- Kate Zerrenner Special to the American-Statesman
As a native Austinite, I remember the historic Memorial Day flood of 1981. I was a little kid, and the storm was so intense I asked my mom if I could sleep in her bed. I remember seeing pictures of grand pianos from Strait Music and cars floating down Lamar Boulevard. Although Austin has changed a lot since then, the pictures of a flooded Lamar this Memorial Day were eerily similar.
In Texas, we are used to cycles of drought and flood; we know extreme weather just as we know extreme personalities and politics. But the natural dynamics are changing, and we can no longer rely on a “rain bomb” to get us out of the next drought. Make no mistake, the next drought is around the corner, and Texas can start to conserve water now by urgently pursuing clean energy and better planning between the energy and water sectors.
This year’s floods essentially brought an end to a multiyear drought, though a few areas are still considered in mild drought. The last drought Texas saw of this magnitude was in the 1950s. My great-grandfather had to sell his boat because there was no water in Lake Travis, much like my dad had to sell his boat this time around. And, in both 1957 and 2015, then came the rain. Yet, the circumstances are not the same.
In 1957, Texas had a population of 9 million. Today, there are nearly 27 million people in Texas and the population could double by 2050. Austin is often ranked as the fastest-growing city in the country, and growth may exceed 80 percent by 2030.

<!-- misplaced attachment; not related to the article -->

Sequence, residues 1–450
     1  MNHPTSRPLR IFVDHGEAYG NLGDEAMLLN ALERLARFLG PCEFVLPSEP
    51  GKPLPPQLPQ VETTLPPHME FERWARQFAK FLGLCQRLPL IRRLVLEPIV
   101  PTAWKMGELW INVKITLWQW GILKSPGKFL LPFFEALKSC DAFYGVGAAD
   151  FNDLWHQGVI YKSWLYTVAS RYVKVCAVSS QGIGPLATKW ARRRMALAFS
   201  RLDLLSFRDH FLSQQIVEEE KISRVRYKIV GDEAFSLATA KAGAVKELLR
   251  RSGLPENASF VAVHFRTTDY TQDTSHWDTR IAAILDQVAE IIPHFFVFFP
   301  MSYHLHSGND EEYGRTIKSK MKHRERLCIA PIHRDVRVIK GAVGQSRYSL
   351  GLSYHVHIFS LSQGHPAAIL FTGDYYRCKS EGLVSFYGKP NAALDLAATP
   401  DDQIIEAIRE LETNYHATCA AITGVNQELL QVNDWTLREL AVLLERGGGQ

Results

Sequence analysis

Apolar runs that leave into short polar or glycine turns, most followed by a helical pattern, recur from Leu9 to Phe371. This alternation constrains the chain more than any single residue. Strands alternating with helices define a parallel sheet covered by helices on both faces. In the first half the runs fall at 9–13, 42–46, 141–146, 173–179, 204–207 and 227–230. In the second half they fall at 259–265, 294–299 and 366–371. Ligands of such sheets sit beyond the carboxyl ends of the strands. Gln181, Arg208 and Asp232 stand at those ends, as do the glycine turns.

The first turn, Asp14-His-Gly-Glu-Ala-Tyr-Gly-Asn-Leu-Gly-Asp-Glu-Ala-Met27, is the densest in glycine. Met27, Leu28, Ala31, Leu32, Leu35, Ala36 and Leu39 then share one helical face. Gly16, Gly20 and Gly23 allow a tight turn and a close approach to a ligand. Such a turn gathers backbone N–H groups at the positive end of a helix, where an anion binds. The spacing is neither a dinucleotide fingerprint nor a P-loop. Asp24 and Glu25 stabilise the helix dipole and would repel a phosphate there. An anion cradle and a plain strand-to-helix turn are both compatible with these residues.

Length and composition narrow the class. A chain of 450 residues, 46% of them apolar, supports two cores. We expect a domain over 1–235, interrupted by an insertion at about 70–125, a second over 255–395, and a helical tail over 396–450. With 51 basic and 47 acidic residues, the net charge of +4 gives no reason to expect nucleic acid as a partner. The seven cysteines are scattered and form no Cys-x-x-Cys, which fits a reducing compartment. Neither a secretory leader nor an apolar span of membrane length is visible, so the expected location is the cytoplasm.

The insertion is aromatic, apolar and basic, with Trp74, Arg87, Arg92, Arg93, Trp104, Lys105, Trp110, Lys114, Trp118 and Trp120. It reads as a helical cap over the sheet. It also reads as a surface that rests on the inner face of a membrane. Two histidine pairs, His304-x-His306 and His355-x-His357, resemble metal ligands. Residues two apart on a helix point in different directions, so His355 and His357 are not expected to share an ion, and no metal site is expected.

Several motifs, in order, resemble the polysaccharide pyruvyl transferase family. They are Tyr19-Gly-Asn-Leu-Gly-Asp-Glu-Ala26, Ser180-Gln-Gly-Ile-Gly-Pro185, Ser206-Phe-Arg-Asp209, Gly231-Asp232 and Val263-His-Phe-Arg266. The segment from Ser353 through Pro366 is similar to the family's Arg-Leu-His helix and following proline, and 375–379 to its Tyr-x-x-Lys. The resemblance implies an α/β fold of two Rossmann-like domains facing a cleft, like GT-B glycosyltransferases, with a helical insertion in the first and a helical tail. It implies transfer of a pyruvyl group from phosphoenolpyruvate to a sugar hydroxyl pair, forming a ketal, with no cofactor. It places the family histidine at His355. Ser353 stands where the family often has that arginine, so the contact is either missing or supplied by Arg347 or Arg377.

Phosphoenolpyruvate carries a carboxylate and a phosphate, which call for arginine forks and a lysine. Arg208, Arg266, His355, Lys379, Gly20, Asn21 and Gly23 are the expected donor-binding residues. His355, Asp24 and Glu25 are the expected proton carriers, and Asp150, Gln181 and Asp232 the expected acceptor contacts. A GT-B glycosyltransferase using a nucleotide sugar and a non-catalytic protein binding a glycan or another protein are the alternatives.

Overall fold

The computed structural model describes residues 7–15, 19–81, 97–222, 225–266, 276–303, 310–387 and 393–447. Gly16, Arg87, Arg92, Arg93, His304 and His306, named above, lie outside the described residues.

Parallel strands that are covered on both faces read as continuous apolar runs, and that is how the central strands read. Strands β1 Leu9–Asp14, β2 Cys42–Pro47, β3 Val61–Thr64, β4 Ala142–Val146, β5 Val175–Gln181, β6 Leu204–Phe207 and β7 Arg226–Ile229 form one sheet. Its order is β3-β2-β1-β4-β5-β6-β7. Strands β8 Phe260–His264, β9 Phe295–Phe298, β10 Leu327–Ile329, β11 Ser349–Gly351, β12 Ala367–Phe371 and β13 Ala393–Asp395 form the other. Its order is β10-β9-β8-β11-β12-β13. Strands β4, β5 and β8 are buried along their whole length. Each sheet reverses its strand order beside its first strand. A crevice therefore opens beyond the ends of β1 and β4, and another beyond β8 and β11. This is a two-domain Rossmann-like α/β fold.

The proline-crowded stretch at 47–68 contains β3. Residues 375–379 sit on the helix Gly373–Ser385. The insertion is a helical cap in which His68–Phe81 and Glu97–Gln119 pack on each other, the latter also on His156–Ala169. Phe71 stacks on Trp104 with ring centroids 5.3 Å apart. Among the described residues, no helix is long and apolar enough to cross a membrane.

Now let’s think about the changing climate. There is not yet enough data to say for sure whether climate change caused this current drought-flood cycle, but future droughts must now be considered alongside the dire predictions of future climate models. The drought cycles, in particular, appear to be more intense under climate change. As John Nielsen-Gammon, Texas’ state climatologist, has said, “We certainly know climate change is going to make temperatures warmer, make evaporation more intense and increase water demand for plants and agriculture. Model-based analyses show some pretty nasty increases in drought intensity.”
So, whether climate change is at the root of the extreme weather isn’t necessarily the point. Katharine Hayhoe, director of Texas Tech University’s Climate Science Center, put it well: “Just like steroids make a baseball player stronger, climate change exacerbates many of our weather extremes, making many of them, on average, worse than they would have been naturally.”
The bottom line is: Texas got a reprieve, but that doesn’t let the state off the hook from being mindful about water availability. Population growth and higher temperatures increase demand for both water and water-intensive electricity.
Thoughtful planning is key, and considering where we can be more efficient in our water use is essential. Here are a few ways Texas can start harnessing existing technology and resources to protect our water supply:
We have avoided the worst outcomes from drought this time around, but the stability of our future water supply is still threatened. We Texans have never been ones for half-measures, so why don’t we tackle our water issues with the same extreme nature we’re known for in politics and personality?